I read an interesting interview last night with Christopher Poole. He also goes by the name moot and is the guy that coded the disposable image-sharing site 4chan. Be careful with that last link, though. While hugely popular, and arguably the source for a lot of today’s internet culture (from memes like rage comics and the Picard facepalm, to groups like bronies and Anonymous) it’s, pretty wild west and can be very N.S.F.W.
|image credit: Sparky123445|
Besides giving us a place for cat jokes and involved discussions on manga, one thing that makes Christopher Poole interesting is that he coded the site when he was just 15. He worked on it in secret, sacrificing sleep and grades, and launched without telling family or friends until years later. Perhaps not the best of strategies for everyone, but it worked well for him.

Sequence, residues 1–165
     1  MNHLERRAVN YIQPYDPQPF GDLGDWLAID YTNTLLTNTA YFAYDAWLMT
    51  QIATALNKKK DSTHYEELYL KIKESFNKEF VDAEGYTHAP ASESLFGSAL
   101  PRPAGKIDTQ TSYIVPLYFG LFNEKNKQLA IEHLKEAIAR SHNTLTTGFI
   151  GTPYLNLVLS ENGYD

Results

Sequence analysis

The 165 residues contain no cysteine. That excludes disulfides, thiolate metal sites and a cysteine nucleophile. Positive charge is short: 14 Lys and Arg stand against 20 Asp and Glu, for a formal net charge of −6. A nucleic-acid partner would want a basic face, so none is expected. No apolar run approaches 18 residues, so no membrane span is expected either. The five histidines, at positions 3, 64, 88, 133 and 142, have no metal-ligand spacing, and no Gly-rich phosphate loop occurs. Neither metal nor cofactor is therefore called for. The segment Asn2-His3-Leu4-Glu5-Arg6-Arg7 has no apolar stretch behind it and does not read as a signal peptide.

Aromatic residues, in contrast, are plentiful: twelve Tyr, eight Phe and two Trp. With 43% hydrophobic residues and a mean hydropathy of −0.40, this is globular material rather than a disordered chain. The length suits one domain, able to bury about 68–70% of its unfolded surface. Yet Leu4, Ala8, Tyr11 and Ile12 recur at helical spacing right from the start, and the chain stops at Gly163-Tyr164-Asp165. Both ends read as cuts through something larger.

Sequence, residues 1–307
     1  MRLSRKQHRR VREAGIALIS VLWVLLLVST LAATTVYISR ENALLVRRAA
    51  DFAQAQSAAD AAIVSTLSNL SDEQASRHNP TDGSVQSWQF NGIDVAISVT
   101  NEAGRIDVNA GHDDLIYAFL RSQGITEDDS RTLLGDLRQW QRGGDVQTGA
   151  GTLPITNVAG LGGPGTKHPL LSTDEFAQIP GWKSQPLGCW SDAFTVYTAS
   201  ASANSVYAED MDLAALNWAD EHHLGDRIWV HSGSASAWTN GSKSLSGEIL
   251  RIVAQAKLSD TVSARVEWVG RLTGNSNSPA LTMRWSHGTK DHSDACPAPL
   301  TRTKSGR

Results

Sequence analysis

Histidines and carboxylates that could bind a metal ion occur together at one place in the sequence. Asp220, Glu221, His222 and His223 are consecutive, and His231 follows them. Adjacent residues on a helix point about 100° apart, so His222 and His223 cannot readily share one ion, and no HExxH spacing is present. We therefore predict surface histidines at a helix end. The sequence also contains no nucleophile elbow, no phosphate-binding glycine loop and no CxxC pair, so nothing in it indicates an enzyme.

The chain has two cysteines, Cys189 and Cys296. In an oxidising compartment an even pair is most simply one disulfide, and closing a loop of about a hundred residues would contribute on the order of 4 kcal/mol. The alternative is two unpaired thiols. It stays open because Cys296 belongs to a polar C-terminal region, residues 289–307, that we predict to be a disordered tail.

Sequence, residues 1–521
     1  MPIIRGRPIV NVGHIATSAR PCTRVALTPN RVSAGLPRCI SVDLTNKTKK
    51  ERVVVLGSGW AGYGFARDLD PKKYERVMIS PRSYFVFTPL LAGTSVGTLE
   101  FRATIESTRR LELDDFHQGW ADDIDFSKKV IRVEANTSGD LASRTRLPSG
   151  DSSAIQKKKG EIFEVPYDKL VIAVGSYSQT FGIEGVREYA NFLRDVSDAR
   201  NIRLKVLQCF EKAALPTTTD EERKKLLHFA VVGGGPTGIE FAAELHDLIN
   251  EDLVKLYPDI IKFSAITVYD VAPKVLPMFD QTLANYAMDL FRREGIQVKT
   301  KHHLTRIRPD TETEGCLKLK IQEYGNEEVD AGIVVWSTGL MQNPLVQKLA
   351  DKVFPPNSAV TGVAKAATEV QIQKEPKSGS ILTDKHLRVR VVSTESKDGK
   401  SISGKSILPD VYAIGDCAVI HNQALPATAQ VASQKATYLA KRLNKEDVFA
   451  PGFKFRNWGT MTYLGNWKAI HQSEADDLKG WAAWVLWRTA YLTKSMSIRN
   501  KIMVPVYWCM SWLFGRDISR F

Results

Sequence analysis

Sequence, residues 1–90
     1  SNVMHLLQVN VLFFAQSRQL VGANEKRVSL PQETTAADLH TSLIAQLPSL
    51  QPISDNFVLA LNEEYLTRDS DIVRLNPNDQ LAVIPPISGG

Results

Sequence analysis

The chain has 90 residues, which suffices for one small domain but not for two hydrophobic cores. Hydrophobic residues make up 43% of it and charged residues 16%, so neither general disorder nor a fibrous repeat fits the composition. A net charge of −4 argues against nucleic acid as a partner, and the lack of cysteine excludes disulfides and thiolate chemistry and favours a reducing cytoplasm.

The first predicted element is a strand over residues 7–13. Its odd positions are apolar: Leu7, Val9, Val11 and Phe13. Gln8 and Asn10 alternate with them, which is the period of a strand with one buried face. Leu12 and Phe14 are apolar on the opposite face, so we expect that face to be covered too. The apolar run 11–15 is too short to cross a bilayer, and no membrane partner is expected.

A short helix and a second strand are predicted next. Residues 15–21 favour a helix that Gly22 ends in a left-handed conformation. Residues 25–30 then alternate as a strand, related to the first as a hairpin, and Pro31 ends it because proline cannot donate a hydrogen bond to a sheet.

Then this morning I saw this article, about an initiative in the UK to formally integrate programming into primary school education. It’s part of a broader set of reforms that have some claiming it will bring a revolution to education, and others only ruin. Like the education debate here in the US, there are clearly passionate opinions on either side.
What do you think? If we, in the US, really want to push STEM education, and maybe encourage the next Christopher Poole, how early should we introduce formal programming? If you know how to code, when did you learn? When do you want our kids to learn?